Billy Manes, writer, activist and longtime columnist for Orlando Weekly
, has passed away.
Manes died just after 4 p.m. on Friday, July 21, at the age of 45, surrounded by his husband Anthony Mauss, friends and family at Orlando Regional Medical Center.
Manes' impact on Orlando Weekly
– and Orlando – is difficult to overstate. Though he started at OW
in the classified ad sales department, Manes made a rare leap into editorial, producing hundreds of columns and stories.
His prescient B-List
column took on minor celebrities in a way now universal throughout the web and on most E! and Bravo shows; it segued into the nightlife column Blister
, which in turn gave way to his cutting front-of-the-book local political column Happytown
When Billy ran for mayor of Orlando
during a special election in 2005, he became the first openly gay mayoral candidate in Orlando history. Though the special election was eventually canceled, "Billy Manes for Mayor" bumper stickers and T-shirts are still a prized commodity for many an Orlandoan.
Two of the searing cover stories (among so many) that he produced are, in his inimitable style, very personal ones: "Mantrimony,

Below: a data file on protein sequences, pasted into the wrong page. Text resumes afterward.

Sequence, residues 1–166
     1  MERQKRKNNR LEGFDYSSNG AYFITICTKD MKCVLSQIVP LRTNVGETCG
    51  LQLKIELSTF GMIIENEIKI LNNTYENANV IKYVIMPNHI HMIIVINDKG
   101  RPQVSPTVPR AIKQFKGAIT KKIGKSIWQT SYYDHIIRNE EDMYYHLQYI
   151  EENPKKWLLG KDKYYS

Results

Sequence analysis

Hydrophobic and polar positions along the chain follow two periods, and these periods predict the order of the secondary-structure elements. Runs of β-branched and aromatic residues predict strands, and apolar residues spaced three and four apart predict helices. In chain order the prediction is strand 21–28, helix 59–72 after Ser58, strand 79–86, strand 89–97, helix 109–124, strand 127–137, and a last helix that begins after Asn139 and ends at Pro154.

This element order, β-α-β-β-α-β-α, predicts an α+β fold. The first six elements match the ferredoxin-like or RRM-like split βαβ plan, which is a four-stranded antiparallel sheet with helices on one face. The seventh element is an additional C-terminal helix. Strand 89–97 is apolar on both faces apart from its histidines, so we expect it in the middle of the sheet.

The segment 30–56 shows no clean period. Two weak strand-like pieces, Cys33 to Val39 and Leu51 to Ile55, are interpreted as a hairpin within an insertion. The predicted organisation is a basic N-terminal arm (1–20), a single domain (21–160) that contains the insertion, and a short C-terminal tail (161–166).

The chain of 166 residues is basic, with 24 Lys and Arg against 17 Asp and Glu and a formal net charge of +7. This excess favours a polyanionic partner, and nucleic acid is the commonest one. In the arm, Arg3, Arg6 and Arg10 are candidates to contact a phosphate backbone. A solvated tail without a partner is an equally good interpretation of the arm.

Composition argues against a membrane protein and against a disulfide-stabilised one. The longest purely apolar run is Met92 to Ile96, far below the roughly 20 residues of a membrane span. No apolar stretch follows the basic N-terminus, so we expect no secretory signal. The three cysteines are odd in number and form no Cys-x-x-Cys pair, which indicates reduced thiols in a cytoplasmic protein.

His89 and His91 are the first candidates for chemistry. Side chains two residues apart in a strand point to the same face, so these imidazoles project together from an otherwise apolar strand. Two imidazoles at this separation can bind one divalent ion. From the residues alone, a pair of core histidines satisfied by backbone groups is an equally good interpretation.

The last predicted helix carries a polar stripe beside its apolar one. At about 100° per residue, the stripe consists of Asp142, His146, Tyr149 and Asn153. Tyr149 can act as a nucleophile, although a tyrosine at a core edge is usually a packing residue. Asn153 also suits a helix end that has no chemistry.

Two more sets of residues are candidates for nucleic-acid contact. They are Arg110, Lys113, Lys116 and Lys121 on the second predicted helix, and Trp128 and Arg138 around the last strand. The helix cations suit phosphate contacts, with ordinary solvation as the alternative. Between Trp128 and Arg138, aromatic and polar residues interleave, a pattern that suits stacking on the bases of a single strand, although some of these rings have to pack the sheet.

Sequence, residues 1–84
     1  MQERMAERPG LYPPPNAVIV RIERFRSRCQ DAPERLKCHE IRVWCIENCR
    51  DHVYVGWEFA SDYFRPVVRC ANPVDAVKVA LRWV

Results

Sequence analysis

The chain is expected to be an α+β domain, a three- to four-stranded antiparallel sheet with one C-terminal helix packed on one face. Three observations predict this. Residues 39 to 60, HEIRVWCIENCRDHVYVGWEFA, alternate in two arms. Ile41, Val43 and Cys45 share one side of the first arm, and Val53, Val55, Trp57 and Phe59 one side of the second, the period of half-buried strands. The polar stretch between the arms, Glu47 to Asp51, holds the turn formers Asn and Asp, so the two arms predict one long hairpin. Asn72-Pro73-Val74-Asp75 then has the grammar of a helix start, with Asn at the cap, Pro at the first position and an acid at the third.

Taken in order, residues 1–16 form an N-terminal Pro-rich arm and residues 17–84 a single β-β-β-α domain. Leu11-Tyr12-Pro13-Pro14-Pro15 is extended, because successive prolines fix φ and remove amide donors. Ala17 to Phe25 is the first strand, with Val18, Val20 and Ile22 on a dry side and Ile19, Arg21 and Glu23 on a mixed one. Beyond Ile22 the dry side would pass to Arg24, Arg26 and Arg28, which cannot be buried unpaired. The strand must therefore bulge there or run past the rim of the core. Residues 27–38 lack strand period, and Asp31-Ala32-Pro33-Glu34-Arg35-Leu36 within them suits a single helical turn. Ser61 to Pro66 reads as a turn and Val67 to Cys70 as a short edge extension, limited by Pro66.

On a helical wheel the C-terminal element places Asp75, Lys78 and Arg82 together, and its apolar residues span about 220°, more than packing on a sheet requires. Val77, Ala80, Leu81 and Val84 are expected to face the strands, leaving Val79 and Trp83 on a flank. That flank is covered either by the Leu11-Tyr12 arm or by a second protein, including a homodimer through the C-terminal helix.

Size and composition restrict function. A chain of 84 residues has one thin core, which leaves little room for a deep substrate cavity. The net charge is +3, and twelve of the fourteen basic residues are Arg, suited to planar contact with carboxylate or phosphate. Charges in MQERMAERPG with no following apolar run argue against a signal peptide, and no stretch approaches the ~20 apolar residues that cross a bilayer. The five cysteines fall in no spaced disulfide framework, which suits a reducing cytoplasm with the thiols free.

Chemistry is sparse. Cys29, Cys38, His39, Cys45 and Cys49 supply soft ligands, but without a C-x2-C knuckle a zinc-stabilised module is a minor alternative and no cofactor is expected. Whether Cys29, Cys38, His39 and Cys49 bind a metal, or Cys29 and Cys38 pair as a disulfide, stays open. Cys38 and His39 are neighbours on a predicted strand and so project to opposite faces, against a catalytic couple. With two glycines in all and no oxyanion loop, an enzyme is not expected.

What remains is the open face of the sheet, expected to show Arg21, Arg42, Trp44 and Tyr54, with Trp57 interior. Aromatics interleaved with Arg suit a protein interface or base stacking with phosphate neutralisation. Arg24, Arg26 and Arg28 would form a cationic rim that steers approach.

" his 2007 take on assembling all the legal paperwork that would add up to a marriage for himself and his partner Alan in Florida pre-Obergefell
, and "Til death do us part,
" in which he detailed Alan's suicide and the ways in which the lack of marriage equality complicate gay lives after a partner's death.
In 2014, then-congressman Alan Grayson delivered an address to the House of Representatives
recognizing the contributions of Billy Manes to the fight for equality in Central Florida.
Manes left Orlando Weekly
to take on the role of editor-in-chief of the LGBT-focused Watermark
on June 22, 2015. When 49 people were murdered and countless injured in the mass shooting at the gay nightclub Pulse on June 12, 2016, Manes became the voice of a grieving community, appearing on MSNBC
. On the one-year mark of the tragedy, Manes reflected in a Watermark
column that Orlando achieved the remarkable feat of pulling different people in the city together after Pulse.
"After June 12, thousands lined up to donate blood for the 49 dead and the 53 injured in that nightclub nightmare, not because standing in the sun on a hot summer day is an act to be applauded, but because they knew that, in times like these, the masses are needed," Manes wrote. "This was no time to hide behind your couch cushions and cry at the television broadcasts. This was a time of people connecting – arm and arm, blood to blood – in the manner that societies do when tragedy strikes."
will be honoring his life in more depth in the coming days.